Peter Zaluzny


When did you start shooting?  

I started doing gigs about 7 years ago.  Before that, photography had always been in the house – my dad was a serious enthusiast.  Way back when, I did a semester of photo journalism as part of my Bachelor of Journalism at Uni, so I bought a digital camera and started getting interested in it.  A few of my classmates were DJs and I asked them if I could come along and take photos during their sets at nightclubs – so I did that for about 4 months.  Me and a friend would drive into the city around midnight and shoot till the wee hours of the morning – mostly people on drugs in the dark.  But it gave me confidence to walk up to strangers and ask if I could take their photo.  Then one night I went along to a local metal show, to see a band called Darker Half.  I took my camera along, and although I had never shot a live show before I had a lot of fun and managed to get some decent snaps.  Afterwards, I put a few photos up online and the bass player from one of the other bands that played, called Switchblade, noticed them – he asked if he could share them on the band’s MySpace site.   From there it just kinda snowballed, I kept doing it as a hobby at live shows and it gradually built up over the next 7 years.   

How did your Splendour in the Grass accreditation come about?

I’ve never photographed Splendour before, so this time I applied through Blunt magazine.  I’ve been shooting for Blunt for about 3 years.  I started there as a journalism intern.  Journalism is my day job and photography has been mainly a hobby.  After interning for a couple months I asked if I could go out and shoot a show for them. They had no money to pay me – but sent me along anyway – it was Epica’s first tour to Australia.  Blunt liked my shots and kept me on as a shooter. I’ve always wanted to shoot SITG, but it’s quite a difficult festival to get into, they don’t give out very many passes.  We applied and we were knocked back initially, but they said if someone pulled out – we would be next in line.   And luckily for us, someone must’ve pulled out.

How did you nail that shot of At The Drive-In?

I’ve liked all the bands featuring Cedric and Omar, from The Mars Volta to At The Drive-In and Antemasque.  Despite being a big fan, I’d never seen At The Drive-In live before so I was very excited about checking them out.  Because I’d seen a bunch of live videos I kinda knew what to expect, knew the visual cues and big moments in songs.  I knew Cedric jumps around a lot and so I always kept an eye on him even if I was shooting another member of the band.  At first I was a bit concerned as the lighting was very dark, and there was heavy smoke.  But things started to clear up a little bit as he climbed onto the speaker stack and as soon as he squatted down to sing to the crowd, I knew he was about to do that massive leap.  I put my shutter up ridiculously high and bumped up the ISO.  I prepared myself to get as sharp a photo as possible.  If it’s dark, you can always save it in post, if it’s grainy, you can fix it later – just gotta make sure it’s sharp.  As for the placement between the two guitarists – that was just a happy accident.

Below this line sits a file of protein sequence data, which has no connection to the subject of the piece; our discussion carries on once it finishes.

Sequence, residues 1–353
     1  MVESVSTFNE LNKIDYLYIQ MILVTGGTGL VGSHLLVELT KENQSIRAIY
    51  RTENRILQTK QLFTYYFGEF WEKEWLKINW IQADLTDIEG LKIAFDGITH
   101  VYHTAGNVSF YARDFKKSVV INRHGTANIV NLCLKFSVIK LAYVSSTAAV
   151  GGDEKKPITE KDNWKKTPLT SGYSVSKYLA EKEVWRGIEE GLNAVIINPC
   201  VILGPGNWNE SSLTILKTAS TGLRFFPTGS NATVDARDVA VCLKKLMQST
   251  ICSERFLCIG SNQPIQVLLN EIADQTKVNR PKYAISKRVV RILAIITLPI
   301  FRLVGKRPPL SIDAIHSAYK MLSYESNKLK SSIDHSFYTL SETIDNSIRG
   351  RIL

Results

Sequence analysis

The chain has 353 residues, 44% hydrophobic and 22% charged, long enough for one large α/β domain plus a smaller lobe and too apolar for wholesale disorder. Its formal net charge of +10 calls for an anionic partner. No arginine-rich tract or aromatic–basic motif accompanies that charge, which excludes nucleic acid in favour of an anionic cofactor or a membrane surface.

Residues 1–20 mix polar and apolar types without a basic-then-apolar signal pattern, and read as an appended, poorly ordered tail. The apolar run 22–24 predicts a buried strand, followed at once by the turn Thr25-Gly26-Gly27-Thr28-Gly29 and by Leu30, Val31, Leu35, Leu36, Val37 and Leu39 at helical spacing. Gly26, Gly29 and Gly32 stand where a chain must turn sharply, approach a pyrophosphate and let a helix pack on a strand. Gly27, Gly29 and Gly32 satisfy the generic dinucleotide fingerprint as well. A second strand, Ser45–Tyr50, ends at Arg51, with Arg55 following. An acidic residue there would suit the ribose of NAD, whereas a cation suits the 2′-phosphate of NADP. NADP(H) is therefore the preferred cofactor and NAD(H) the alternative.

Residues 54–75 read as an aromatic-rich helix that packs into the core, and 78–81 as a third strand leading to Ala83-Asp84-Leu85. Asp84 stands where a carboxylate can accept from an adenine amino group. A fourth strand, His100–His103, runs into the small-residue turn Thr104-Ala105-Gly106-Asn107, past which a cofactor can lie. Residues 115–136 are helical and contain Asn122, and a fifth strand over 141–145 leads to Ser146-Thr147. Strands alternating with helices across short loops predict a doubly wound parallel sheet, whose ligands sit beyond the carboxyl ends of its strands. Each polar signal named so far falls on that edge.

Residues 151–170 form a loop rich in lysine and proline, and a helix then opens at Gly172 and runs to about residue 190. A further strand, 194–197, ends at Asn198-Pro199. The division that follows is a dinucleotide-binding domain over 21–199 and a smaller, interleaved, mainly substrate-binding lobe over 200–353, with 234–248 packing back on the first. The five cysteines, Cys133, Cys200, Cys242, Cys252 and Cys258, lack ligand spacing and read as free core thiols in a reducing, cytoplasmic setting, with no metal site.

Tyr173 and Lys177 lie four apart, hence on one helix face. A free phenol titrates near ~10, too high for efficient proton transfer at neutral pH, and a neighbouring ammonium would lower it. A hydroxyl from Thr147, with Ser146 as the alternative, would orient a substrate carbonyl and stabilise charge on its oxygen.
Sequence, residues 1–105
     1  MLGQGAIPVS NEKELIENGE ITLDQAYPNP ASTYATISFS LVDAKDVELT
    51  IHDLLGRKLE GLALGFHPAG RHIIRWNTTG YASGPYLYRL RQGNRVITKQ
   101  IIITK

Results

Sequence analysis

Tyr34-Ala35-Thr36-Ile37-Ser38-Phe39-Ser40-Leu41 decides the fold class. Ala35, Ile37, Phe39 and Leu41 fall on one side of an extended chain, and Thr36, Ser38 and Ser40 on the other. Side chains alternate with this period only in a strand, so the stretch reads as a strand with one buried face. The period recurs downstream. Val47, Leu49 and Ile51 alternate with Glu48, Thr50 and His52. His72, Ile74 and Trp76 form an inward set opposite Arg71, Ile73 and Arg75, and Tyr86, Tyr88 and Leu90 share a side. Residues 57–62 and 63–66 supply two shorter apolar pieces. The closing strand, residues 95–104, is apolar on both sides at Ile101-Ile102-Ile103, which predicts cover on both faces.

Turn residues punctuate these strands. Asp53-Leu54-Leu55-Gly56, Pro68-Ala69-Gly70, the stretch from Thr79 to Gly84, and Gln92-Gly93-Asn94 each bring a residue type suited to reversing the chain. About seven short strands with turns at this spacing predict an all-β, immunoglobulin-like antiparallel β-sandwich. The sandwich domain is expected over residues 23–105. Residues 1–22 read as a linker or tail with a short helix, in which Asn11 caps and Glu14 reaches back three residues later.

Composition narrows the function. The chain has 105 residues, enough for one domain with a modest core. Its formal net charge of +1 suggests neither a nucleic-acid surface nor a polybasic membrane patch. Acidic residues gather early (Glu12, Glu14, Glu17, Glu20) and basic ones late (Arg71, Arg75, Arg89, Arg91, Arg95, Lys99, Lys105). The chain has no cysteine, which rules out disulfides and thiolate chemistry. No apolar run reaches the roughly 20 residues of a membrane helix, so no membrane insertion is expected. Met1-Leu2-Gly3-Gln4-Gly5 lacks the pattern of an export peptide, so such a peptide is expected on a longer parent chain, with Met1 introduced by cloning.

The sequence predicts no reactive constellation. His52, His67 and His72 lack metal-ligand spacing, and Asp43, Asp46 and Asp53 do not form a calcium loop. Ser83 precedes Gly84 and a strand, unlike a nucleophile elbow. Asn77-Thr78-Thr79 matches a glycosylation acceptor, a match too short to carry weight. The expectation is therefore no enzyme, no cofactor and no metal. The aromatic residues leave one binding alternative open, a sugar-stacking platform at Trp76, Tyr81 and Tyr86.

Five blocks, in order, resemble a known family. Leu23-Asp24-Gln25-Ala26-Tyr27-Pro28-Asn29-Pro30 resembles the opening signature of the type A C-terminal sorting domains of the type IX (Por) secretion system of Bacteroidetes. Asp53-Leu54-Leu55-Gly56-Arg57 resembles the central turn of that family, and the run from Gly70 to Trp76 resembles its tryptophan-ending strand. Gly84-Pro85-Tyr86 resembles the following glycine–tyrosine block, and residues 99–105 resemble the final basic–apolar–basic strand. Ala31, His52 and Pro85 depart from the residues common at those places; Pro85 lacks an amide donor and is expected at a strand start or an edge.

Your thoughts on the MPAs?

Honestly, my first thought was that it could potentially discourage some of the younger shooters by showcasing some of the incredibly skilled photographers in the country, but the opposite seems to have happened. I guess I tend to be a little bit of a pessimist from time to time, because there seems to have been a lot of support for people, a lot of advice going around and a lot of tips and insights into some of the posted images.  It seems to be encouraging people to get stuff out there and up on a platform – somewhere they can get their work to an audience with a specific knowledge base to give them helpful feedback, new ideas and new angles.  I’ve been inspired by plenty of the images by shooters in the competition, guys like Jared Leibowitz and Dave Kan have influenced my shooting and editing techniques in multiple ways.

Favourite band in the world to shoot?

Dude, that question sucks.  I can’t think of anything off the top of my head.  Recently, Vintage Trouble at Bluesfest were a blast to photograph.  I tend to prefer to shoot punk and metal – where there’s a lot of movement and energy, although recently I’ve enjoyed shooting pop music – because of the spectacle and scale of production – they make for really theatrical photos.

What’s your favourite venue to shoot in?

The Metro Theatre in Sydney.  When they get the lighting right, it’s a great space to shoot within, due to the tiered levels and balcony – there’s really not a bad spot in the venue.

Who’s on you photography bucket list?

The Mars Volta, Muse & Rammstein.

What band would you love to go on a world tour with?

Chvrches – after seeing them at Laneway – I really liked their stage setup, and after checking some of their tour photos it seems they like to change things up from night to night.  Cool, interesting variation and unique lighting setups.   Also Rammstein – because fire, so much fire.   At The Drive-In would be great if they didn’t love playing in the dark so much. Queens of The Stone Age and The Dillinger Escape Plan would also be amazing tours.

MPA Monthly Winner: July 2016

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